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China bans court evidence obtained by torture

June 18, 2010

By TINI TRAN
The Associated Press
May 31, 2010

BEIJING -- China has issued new rules saying
evidence obtained through torture and threats
cannot be used in criminal prosecutions and said
such evidence would be thrown out in death penalty cases that are under appeal.

The new regulations -- posted on the central
government's website Sunday -- make it clear that
evidence with unclear origins, confessions
obtained through torture, and testimony acquired
through violence and threats are invalid. This is
the first time Beijing has explicitly stated that
evidence obtained under torture or duress is illegal and inadmissible in court.

"Since the system was not perfect, the standards
on reinforcing the law were not unified and the
law executors were not equally competent.
Problems occurred in the handling of cases and
they should not be ignored," according to a statement on the website.

The regulations were released jointly by the
Supreme People's Court, Supreme People's
Procuratorate, the Ministry of Public Security,
the Ministry of State Security and the Ministry
of Justice, according to a statement on the website.

Legal experts in China say the new rules
constitute major progress in protecting the legal rights of defendants.

One of the regulations pertains to how death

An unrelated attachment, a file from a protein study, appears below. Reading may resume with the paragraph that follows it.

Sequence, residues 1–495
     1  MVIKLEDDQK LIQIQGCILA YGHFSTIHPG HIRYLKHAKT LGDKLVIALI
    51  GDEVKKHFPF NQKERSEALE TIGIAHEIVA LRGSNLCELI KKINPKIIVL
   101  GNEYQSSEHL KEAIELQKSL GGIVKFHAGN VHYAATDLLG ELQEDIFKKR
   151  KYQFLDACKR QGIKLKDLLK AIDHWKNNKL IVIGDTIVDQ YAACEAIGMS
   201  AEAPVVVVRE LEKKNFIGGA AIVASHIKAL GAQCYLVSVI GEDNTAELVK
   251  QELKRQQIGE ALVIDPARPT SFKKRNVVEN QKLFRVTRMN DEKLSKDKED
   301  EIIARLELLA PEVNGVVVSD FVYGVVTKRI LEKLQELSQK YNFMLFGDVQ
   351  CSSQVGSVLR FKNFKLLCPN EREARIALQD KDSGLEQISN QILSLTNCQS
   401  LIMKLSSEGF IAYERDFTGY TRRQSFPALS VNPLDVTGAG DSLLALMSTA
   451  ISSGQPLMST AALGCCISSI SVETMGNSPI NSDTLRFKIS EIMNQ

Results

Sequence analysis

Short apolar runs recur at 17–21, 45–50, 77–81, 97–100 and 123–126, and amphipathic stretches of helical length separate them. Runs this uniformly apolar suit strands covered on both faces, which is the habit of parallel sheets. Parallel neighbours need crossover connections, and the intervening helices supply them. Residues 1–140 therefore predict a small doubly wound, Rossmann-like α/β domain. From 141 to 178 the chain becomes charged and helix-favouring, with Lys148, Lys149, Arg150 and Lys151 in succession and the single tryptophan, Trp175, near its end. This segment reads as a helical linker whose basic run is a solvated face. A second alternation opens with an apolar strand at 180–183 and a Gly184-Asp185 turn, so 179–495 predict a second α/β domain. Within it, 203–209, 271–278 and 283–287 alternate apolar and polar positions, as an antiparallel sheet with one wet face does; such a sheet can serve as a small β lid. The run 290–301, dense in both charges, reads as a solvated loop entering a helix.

penalty cases should be reviewed, including a
rule that illegally obtained evidence should be invalid.

A second rule sets out guidelines on how evidence
should be obtained in criminal cases, which
explicitly bans the use of force or intimidation on defendants and witnesses.

"The issue of illegally obtained evidence has
long been a controversial one in China and now
they made a big step forward in this respect,"
said Fan Yu, a law professor at Renmin University
Law School who specializes in the judicial system.

The rulings are especially important for death
penalty cases, where a flawed system has led to
the deaths of several criminal suspects by torture in detention centers.

"Death sentences are irreversible. Any tiny
mistake could cost people's lives," she said.
"There's serious lesson to be drawn from those cases."

China executes more people annually than any
country in the world, though it does not release
an official count. Rights group Amnesty
International estimated China put at least 1,718 people to death in 2008.

In 2008, China's top court said about 15 percent
of death sentence verdicts by lower courts were
found to have problems, the China Daily newspaper reported Monday.

The frequent use of torture by police to obtain
confessions was highlighted earlier this month in
the case of Zhao Zuohai, a man who spent 11 years
in jail after being beaten into confessing the
murder of a man who wasn't even dead.

After the man he supposedly killed returned to
their hometown in central Henan province, Zhao,
57, was freed and given $96,000 in government
compensation. After his release, Zhao said he was
forced to confess because police beat him during
interrogations and deprived him of sleep for days.

The case put an embarrassing spotlight on China's
often corrupt justice system. Three police
officers accused of torturing Zhao have been
arrested, while the chief justice who presided
over the case was suspended pending further investigation.

* Associated Press researcher Zhao Liang contributed to this report.
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